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Shared from Sky News: Spread-betting giant CMC to mull jobs, HQ move amid FCA crackdown
The financial spread-betting giant CMC Markets Plc (LON:CMCX) is to consider relocating chunks of its business away from the UK if the City watchdog presses ahead with plans to curb bets placed by retail customers, as reported by Sky News.
The board of CMC, founded by the prominent Conservative Party donor Peter Cruddas, is likely to put the potential move of hundreds of jobs on its agenda ahead of a crackdown by the Financial Conduct Authority (FCA).
Such a move could mean shifting CMC’s headquarters as well as its London-based contracts-for-difference (CFD) operations, where approximately 300 staff are based, to Germany, according to an insider.
The idea of CMC relocating its HQ and significant numbers of jobs is at an embryonic stage, and any decision will not be taken until after the conclusion of the FCA’s consultation next year.
More than £1 billion was wiped off the value of the London stock market’s main financial spread-betting groups – CMC, IG Group Holdings plc (LON:IGG) and Plus500 Ltd (LON:PLUS) – when the FCA unveiled proposals last week to cap the level of financial risk that retail investors can take when using their services.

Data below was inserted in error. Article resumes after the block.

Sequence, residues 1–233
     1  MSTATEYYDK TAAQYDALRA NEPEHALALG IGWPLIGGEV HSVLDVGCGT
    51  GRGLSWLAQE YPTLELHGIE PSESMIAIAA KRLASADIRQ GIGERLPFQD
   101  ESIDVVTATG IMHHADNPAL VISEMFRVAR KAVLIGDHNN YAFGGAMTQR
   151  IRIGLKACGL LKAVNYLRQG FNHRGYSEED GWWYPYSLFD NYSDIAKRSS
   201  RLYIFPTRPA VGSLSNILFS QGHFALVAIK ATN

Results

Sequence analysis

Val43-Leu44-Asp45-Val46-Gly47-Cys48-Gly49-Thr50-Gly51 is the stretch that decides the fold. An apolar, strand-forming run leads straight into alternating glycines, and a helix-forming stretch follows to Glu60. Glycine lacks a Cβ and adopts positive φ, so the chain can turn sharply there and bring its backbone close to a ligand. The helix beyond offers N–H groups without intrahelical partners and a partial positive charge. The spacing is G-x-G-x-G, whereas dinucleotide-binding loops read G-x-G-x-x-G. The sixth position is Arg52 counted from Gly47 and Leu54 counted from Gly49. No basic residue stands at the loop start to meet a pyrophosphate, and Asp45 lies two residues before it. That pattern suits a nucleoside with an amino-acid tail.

CMC is already the largest provider of CFD products – a form of spread-betting instrument – to retail clients in Germany, and it last week welcomed a blueprint published by BaFin, the country’s main financial regulator, which was less draconian than that of the FCA.
Sources shared that Peter Hetherington, IG Group’s chief executive, was in Germany on Tuesday to hold talks with BaFin about the reforms.
IG clients have received an email from Mr Hetherington warning them that under the FCA’s proposals, they would need to deposit up to 10 times more money with the company in order to trade with it.
He encouraged clients to contact the City watchdog to protest at its proposals.
The FCA said last week that it had “serious concerns that an increasing number of retail clients are trading in CFD products without an adequate understanding of the risks involved, and as a result can incur rapid, large and unexpected losses”.
It added that its analysis of a representative sample of client accounts for CFD firms had found that 82% of clients lost money on such products.
CMC, which listed on the London Stock Exchange earlier this year, has seen its shares more than halve since the flotation, while the other quoted spread-betting companies have been similarly affected.